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December 16, 2014

Mitigate Your Risk by Segregating Key Duties

Segregation of Duties is imperative for any business – no individual should have so much access to enable them to execute transactions across an entire business process without a good system of checks and balances. If you are struggling with this concept, you are not alone. Why does it seem so difficult to so many?

Sometimes it can be the complexity of the system, ownership and/or simply accountability. More frequently, it is just a matter of one or a couple of key employees who have taken on more and more duties over the years. Segregating their duties seems disloyal or unproductive. But it is essential for a quality internal controls system.

The good news is that companies don’t need to create complex role structures or completely overhaul systems to get a better handle on a segregation of duties system that works for you and enhances your internal controls.

Where to Start
A fundamental element of internal control is the segregation of certain key duties. The basic underlying element in segregation of duties is that no employee or group of employees should be in a position to commit and to conceal errors or fraud in the normal course of their duties. Although it is a basic premise, it ensures that errors or irregularities are prevented or detected on a timely basis by employees in the normal course of business. In general, the principal incompatible duties to be segregated are:

  1.  Custody of assets
  2. Authorization or approval of related transactions affection those assets
  3. Recording or reporting of related transaction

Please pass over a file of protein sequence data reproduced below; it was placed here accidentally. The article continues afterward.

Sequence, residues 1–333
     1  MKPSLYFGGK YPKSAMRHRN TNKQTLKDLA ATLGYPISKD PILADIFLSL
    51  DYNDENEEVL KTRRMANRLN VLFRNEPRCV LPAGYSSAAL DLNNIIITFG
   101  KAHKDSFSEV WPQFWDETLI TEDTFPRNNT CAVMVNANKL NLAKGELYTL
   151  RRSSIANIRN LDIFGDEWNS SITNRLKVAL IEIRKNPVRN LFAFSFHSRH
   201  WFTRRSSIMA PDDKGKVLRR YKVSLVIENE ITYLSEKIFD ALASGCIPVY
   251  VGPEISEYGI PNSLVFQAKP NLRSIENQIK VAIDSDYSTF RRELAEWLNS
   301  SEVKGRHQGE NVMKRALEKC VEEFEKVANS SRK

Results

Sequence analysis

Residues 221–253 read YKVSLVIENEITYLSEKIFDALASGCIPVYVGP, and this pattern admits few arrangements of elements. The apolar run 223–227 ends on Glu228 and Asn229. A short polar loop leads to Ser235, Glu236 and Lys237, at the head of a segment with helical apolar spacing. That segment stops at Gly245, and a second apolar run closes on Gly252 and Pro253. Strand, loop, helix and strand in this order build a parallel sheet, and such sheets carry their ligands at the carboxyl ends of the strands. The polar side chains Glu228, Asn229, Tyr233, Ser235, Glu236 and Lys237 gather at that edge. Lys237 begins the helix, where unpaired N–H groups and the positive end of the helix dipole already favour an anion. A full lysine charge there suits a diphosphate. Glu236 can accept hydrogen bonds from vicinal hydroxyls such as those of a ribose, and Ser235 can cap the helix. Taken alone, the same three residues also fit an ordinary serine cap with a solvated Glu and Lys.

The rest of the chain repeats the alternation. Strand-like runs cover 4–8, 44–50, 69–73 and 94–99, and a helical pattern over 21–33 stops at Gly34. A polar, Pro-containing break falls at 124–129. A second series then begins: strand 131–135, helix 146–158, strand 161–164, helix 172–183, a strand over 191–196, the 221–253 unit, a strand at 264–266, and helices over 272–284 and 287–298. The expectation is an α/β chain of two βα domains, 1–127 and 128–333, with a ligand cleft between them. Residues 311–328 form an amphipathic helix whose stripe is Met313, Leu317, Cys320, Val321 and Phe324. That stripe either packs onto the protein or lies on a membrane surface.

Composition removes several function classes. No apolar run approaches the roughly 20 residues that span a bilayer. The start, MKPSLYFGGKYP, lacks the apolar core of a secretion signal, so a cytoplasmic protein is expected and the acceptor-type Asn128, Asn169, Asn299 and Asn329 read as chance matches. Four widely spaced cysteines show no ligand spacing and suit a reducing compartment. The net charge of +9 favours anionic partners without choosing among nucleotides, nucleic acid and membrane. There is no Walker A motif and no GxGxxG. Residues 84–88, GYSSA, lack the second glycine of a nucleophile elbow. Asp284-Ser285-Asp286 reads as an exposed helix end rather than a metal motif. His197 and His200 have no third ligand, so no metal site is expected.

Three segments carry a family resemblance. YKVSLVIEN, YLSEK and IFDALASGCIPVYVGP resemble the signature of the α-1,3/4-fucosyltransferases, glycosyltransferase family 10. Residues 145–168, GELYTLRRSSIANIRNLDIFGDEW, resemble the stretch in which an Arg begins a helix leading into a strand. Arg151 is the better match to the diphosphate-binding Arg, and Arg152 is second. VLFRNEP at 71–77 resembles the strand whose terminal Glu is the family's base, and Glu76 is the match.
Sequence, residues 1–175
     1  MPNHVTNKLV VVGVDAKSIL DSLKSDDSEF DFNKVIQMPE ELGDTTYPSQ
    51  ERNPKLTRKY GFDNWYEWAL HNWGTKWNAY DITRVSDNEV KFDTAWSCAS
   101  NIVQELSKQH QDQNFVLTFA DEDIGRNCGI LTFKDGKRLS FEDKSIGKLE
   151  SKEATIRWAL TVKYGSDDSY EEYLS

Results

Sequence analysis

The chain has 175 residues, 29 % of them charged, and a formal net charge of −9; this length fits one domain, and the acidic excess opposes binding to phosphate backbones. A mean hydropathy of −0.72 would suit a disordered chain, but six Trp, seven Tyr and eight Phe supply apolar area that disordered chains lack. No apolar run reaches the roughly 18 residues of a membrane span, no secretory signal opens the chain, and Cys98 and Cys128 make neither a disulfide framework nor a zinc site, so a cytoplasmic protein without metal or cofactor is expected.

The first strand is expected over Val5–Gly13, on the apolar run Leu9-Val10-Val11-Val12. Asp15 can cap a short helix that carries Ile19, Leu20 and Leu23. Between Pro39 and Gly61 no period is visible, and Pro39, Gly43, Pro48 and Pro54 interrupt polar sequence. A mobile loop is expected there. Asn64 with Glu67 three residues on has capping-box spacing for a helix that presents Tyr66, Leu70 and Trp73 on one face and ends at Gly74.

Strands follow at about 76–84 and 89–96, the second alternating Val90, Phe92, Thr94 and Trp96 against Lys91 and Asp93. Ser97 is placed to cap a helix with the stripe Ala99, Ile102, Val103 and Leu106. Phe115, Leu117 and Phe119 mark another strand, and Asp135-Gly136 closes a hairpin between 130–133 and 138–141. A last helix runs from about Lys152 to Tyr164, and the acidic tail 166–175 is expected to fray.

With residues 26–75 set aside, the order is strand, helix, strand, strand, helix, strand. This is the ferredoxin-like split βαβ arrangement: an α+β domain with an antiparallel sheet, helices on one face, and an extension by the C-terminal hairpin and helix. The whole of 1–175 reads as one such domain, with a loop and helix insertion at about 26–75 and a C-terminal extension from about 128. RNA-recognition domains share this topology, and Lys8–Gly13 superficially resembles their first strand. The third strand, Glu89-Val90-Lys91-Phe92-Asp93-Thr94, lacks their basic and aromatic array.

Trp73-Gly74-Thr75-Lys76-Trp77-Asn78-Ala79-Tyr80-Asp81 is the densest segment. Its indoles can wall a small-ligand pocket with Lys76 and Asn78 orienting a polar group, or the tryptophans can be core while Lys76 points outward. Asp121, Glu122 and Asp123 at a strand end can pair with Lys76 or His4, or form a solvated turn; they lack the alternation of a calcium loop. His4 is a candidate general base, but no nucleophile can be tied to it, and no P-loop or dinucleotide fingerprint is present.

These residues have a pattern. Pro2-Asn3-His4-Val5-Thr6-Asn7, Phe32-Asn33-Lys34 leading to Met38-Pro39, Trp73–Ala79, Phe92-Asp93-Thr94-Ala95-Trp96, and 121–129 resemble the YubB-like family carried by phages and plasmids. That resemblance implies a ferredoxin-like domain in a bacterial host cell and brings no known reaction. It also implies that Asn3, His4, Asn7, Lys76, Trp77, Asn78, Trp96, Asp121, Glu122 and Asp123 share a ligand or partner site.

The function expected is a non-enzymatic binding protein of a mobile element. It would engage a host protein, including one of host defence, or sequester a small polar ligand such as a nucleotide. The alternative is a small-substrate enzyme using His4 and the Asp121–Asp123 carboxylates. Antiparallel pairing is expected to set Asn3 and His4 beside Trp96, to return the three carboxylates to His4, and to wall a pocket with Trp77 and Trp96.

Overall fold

Traditional systems of internal control rely on assigning certain responsibilities to different individuals or segregating incompatible functions. In general, segregation of duties implies that:

  •  No single individual should have control over two or more phases of a transaction or operation
  • Management should assign responsibilities to ensure a crosscheck of duties

Failing to separate these duties creates opportunities to conceal inappropriate activity. Even trusted employees are not exempt from a proper internal control structure. It is important to review the duties assigned to your staff and ensure one individual does not have the ability to initiate, approve and record a transaction. It is imperative that someone else in the company has custody of the asset and reconciles the activities and resultant account balance.

For more information about segregation of duties and which transactions pose the greatest risk to your business, contact your accountant. By taking the appropriate steps, you can remedy and mitigate those areas where you are most vulnerable.

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